Marla Hlady's Playing Piano. Photo courtesy of the artist.
Last night the Soundbytes festival kicked off with a performance at Saint Mary's University Art Gallery and an opening of Resounding, at Dalhousie Art Gallery. The Dal staff are such a class act, you'd never know it's been a tough week at the arts centre—a bronze bust of pianist Ellen Ballon was stolen late last week; gallery director Peter Dykhius told me there have been some leads and they'll make a news update today. (UPDATE: The bust was returned anonymously, with only minimal damage.)
Peter Flemming, Stepper Motor Choir, 2008. photo: Paul Litherland
Artist Marla Hlady deconstructed a piano that is run by various technologies. I love all the cables required to make it work, like a human body with lungs and hands and a brain. But the sounds it makes are not what you think. Daniel Olson, who uses everyday objects like pasta cutters, turning domestic noise into performative art, will be in town on June 11 to perform Coloured Plates, which will be a cathartic experience, I think, watching him toss a box full of the small plates, one by one, on the floor. For Peter Flemming's Stepper Motor Choir, there are 12 small motors, sitting on top of concrete blocks, that spin panes of solar glass, which create ringing sounds, based on the speed of the motor. OK, so the art gallery is in the basement of the arts centre, so you'd think the solar power is a problem, but there are black cables leading up the walls and up to the second floor balcony where it's collected. That's cool. Another cool thing is that the solar panels will be reused after the exhibition by the university's new School of Sustainabilty.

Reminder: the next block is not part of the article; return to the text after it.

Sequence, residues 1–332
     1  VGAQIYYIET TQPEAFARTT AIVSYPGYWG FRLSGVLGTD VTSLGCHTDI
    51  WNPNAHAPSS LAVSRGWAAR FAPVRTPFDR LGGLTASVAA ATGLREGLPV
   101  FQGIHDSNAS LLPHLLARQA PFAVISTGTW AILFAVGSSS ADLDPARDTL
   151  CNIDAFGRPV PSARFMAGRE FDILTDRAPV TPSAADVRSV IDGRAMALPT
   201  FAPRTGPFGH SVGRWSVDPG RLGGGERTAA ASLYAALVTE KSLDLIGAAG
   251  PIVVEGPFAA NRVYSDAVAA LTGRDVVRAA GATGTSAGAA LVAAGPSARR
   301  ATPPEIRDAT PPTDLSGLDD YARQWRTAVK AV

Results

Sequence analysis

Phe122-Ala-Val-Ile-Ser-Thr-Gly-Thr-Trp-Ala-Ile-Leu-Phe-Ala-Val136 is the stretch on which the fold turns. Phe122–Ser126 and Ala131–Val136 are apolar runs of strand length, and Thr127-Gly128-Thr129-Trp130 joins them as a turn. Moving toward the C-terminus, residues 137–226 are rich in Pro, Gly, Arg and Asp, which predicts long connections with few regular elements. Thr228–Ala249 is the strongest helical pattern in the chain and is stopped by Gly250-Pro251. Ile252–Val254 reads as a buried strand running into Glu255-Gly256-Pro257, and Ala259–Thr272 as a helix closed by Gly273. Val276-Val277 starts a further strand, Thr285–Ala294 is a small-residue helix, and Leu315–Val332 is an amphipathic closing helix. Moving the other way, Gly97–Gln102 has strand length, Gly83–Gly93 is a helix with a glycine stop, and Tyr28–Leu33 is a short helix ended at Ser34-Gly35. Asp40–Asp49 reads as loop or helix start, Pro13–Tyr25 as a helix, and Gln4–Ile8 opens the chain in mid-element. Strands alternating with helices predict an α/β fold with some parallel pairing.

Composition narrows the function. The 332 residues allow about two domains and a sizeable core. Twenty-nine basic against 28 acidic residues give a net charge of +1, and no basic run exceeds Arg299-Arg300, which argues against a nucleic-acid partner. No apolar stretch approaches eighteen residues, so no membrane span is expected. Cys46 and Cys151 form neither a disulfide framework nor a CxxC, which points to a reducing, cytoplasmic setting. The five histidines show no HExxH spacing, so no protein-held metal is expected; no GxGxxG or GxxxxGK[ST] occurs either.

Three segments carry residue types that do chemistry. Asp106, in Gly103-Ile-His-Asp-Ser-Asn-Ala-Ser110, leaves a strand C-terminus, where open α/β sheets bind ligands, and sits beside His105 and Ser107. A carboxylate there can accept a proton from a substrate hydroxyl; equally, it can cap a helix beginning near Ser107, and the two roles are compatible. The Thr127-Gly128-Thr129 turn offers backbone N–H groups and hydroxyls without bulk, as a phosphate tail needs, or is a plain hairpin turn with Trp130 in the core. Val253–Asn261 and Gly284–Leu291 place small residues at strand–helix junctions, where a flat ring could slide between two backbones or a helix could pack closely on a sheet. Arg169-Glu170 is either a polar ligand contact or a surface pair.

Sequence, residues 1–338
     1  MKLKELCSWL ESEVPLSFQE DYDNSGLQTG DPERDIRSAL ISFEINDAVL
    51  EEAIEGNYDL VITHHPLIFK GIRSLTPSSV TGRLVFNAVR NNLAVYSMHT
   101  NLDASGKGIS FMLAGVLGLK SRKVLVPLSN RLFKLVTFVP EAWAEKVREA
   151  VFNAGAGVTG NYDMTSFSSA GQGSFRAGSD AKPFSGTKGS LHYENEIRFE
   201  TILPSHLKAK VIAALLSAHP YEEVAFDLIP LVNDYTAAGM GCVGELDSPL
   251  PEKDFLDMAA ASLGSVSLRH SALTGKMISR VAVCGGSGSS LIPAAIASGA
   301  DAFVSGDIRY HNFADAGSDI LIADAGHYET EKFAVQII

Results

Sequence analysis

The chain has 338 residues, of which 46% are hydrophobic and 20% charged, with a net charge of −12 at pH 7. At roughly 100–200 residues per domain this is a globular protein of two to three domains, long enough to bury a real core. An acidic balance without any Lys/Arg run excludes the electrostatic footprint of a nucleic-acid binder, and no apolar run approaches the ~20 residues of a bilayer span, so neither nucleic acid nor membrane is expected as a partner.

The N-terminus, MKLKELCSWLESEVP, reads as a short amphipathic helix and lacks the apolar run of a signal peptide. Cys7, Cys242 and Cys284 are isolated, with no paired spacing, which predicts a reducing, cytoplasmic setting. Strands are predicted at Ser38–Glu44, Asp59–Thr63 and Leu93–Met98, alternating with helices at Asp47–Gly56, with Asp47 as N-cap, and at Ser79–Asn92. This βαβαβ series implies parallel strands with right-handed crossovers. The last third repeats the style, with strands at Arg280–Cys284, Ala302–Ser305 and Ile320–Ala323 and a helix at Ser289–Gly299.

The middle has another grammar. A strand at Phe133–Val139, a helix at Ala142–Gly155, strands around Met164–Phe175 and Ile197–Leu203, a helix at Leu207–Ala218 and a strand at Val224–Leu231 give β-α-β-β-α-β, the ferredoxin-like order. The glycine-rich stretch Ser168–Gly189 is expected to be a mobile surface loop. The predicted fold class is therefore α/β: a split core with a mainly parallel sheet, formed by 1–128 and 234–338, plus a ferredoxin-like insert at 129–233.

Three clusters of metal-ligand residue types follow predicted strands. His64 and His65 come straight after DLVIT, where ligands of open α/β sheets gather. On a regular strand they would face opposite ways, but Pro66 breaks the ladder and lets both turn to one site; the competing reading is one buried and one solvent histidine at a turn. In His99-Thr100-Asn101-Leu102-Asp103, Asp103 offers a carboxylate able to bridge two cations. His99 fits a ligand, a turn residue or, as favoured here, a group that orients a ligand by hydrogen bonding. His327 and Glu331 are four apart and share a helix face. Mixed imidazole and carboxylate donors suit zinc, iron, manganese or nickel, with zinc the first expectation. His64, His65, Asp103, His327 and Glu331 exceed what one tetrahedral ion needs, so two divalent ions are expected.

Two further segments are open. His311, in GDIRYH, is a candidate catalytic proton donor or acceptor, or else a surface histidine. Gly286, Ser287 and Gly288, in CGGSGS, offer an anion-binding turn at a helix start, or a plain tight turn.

Jennifer Allora and Guillermo Calzadilla’s video Returning a Sound was shot on the Puerto Rican island of Vieques, shortly after the island ceased to be a bomb-testing territory for the military. For 60 years, citizens weren't allowed to walk through the entire island, so when you watch the video, you'll understand the elation and meaning behind this simple act of driving over roads on a motorcycle, with a trumpet attached to your tailpipe. Scroll down to see a clip of the video and the artists' explanation, from Art 21, here.
A great opening to what should be a fantastic month. There's Sometimes Always, a show focusing on musicians who play with obsolete music technologies which opens at the AGNS next Friday. On June 10, things will get steamy at an audio bath house, at Seadogs. I'm looking forward to Vessna Perunovich's opening at SMU on June 26. When I worked at a museum in Toronto, she had created this amazing series of sculptures, using only pantyhose and hangers. And there are plenty more performances, radio broadcasts, concerts and more, all month-long. Go to soundbytes.ca.